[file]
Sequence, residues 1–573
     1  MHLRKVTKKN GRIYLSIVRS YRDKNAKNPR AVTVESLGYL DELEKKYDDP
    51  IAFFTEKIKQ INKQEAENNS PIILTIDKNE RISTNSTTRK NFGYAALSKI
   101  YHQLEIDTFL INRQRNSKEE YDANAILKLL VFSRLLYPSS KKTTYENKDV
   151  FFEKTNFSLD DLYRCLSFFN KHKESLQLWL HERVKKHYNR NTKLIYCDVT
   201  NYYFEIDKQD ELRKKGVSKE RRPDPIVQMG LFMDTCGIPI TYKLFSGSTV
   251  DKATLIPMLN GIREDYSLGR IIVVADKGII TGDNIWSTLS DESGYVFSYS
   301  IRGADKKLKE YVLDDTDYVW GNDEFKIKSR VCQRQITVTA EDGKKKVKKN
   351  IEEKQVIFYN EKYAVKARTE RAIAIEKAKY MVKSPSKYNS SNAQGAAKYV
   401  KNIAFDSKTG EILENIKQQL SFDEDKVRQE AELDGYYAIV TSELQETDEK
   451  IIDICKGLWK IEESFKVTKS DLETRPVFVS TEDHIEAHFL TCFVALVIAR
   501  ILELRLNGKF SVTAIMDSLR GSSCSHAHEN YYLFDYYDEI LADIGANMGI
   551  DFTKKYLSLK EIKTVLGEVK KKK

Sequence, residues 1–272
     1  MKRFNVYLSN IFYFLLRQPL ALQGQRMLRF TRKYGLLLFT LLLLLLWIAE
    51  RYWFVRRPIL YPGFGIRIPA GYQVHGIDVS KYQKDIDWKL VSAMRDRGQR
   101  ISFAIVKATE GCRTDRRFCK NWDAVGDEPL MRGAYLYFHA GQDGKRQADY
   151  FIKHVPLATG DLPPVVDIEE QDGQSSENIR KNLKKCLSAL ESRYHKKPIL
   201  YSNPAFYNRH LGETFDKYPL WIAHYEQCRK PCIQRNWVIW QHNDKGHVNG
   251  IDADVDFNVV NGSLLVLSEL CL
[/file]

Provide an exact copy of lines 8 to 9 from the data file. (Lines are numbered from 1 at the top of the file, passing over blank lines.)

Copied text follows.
   301  IRGADKKLKE YVLDDTDYVW GNDEFKIKSR VCQRQITVTA EDGKKKVKKN
   351  IEEKQVIFYN EKYAVKARTE RAIAIEKAKY MVKSPSKYNS SNAQGAAKYV